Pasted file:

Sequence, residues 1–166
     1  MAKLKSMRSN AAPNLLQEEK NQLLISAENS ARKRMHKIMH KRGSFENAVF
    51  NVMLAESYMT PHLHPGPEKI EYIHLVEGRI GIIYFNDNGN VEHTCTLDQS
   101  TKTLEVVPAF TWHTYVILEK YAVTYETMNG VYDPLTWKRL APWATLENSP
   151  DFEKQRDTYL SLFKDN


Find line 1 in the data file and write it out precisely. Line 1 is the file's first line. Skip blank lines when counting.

Sequence, residues 1–166